In Coded Manual mode, the ATO is disabled and the driver operates the train manually, however the ATP is still detecting the codes in the track and restricting the driver's actions. The speedometer on 1992 stock is of the horizontal strip design showing two speeds: the Current Speed in green, indicating the speed at which the train is actually travelling, and the Target Speed indicating the speed at which the train should be travelling. Although the target speed is always active whilst running in Automatic or Coded Manual mode, in the latter mode a change in the target speed is indicated with an upwards or downwards tone depending on whether the target speed is increasing or decreasing. Should the driver exceed the target speed, an alarm sounds and the emergency brakes are automatically applied until the train is below the target speed; the alarm then stops.
In Restricted Manual mode, the train cannot exceed 18 km/h (11 mph) and the motors automatically cut out at 16 km/h (10 mph). The ATO and ATP are both disabled and the driver operates the train entirely by sight and according to the signals. This mode is used when there has been an ATP or signal failure, or in a depot where ATP is not used, e.g. West Ruislip and Hainault depots. On the main line, driving in ATO is the same for a train driver as driving through a section where signals have failed.
The 1992 Stock was the first of its type on the Underground to have a DVA (Digital Voice Announcer) from new. Until mid-2003, the DVA was voiced by then BBC journalist and presenter Janet Mayo, subsequently nicknamed 'Sonia', as some drivers thought the repetitiveness of the announcements 'gets on ya nerves'.
The original format of the announcements were as follows:
- Bank, going eastbound to Hainault via Newbury Park:
- "This is Bank. Change for Northern, District and Circle lines, Docklands Light Railway and Network SouthEast services. … This train terminates at Hainault via Newbury Park." (The Waterloo & City line was part of Network SouthEast at the time of the stock's introduction and the original recordings were never revised to reflect the takeover of the line by London Underground in 1994.)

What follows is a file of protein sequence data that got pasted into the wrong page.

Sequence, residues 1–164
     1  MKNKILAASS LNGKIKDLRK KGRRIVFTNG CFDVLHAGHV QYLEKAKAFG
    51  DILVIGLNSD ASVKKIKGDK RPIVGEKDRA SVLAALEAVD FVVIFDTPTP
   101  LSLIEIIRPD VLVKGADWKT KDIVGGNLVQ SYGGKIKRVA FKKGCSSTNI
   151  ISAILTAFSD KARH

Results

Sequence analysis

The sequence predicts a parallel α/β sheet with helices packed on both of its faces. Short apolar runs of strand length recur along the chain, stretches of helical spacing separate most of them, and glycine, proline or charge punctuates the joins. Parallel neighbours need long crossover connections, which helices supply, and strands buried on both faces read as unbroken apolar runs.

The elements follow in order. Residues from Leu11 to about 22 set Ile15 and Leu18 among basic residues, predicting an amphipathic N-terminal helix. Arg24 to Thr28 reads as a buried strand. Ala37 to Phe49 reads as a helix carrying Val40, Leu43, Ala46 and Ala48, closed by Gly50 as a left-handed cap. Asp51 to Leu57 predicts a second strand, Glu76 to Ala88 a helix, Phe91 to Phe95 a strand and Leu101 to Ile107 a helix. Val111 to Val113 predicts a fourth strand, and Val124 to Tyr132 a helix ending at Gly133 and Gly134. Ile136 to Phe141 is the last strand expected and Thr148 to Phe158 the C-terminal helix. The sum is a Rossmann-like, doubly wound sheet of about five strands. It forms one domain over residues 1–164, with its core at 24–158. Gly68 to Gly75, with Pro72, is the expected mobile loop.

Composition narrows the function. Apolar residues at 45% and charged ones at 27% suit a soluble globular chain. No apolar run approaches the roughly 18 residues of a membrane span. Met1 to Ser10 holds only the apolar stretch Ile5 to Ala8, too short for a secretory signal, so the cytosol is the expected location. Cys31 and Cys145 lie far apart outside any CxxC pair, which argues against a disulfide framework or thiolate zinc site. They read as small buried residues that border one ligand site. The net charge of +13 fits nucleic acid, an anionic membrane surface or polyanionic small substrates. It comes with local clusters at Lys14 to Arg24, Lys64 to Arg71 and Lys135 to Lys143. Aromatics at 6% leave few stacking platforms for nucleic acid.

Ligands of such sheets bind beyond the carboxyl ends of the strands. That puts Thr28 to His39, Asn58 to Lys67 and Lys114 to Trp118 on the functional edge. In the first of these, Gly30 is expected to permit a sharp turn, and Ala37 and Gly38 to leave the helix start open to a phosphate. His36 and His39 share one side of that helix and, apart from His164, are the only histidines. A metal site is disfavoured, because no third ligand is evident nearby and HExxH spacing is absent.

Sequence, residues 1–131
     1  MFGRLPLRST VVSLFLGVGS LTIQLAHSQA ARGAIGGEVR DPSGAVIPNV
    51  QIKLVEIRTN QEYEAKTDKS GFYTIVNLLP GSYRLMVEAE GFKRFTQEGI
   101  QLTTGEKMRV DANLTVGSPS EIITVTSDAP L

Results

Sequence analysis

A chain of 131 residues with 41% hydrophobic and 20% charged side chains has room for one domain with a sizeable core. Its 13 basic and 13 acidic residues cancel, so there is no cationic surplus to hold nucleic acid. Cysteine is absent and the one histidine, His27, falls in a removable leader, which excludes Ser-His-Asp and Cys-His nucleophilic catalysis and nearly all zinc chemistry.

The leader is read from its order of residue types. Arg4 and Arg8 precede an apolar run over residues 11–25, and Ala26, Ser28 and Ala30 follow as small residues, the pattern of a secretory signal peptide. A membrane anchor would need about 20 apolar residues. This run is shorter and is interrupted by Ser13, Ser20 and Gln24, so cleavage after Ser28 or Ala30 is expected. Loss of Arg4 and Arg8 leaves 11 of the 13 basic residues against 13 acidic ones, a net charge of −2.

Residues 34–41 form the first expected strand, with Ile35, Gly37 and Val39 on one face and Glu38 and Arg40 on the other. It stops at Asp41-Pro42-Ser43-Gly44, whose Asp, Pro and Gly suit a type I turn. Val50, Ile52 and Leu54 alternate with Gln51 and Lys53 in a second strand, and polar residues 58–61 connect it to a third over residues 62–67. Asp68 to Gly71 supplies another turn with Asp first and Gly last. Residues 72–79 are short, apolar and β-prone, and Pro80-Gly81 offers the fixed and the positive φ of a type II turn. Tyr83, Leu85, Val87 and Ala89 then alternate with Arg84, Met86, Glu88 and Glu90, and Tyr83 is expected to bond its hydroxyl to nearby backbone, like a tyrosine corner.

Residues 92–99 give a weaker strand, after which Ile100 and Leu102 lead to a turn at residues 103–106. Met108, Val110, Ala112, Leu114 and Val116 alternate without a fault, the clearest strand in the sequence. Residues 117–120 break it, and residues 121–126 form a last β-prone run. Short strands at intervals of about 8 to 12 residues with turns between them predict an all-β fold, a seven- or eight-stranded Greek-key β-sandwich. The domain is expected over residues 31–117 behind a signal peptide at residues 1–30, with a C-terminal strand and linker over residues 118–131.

- Approaching Notting Hill Gate:
- "The next station is Notting Hill Gate. Change for District and Circle lines."
Since mid-2003, voice artist Emma Clarke has provided recordings for the 1992 Stock DVA, which were again revised in 2006. Emma continues to voice the line, despite London Underground allegedly 'sacking' her after an article by the Daily Mail was published in 2007. The article took her words from an interview out of context; saying that she "hated the tube," when in actual fact, she just said that she would not like to be in a tube carriage voiced by herself for self-conscious reasons.
The present format of the announcements is as follows:
- Bank, going eastbound to Hainault via Newbury Park:
- "This is Bank. Please mind the gap between the train and the platform. Change here for the Circle, District, Northern and Waterloo & City lines, and the DLR. … This is a Central line train to Hainault via Newbury Park."
- Approaching Notting Hill Gate:
- "The next station is Notting Hill Gate. Please mind the gap between the train and the platform. Change here for the Circle and District lines."
The 1992 Stock has had a refresh of both the interior and exterior. Some of the noticeable changes include a new seat moquette, improved lighting and improvements to the window frames. The front of the driving cabs are also being renewed. This includes repairing water ingress and replacing the large number of parts with a much simpler design, saving costs on future work. The new-style front end can be easily identified by the red panelling instead of the original grey. The refresh comes after nearly twenty years of continuous service on the Central line.
The Waterloo & City line's units also received the new moquette, but did not receive the new window frames or cab ends.
In October 2014, it was confirmed that the 1992 stock will be replaced by new semi-articulated trains currently known as the 'New Tube for London'. The stock will be used on the Bakerloo, Piccadilly, Central and Waterloo & City lines, and is due to enter service during the 2020s.
- Neil, Graham. "London Underground Rolling Stock Information Sheet" (PDF). WhatDoTheyKnow. Retrieved 17 April 2016.
- "A-Series EMU Car Review, Paper tabled to WA Parliament" (PDF). Parliament of Western Australia.
- "1992". Transport for London. Archived from the original on 14 December 2013. Retrieved 13 August 2012.
- "1992 tube stock: Sonia". SQUAREWHEELS.org.uk. Retrieved 2014-07-13.
- "New Tube for London". Transport for London. October 2014. Retrieved 12 October 2014.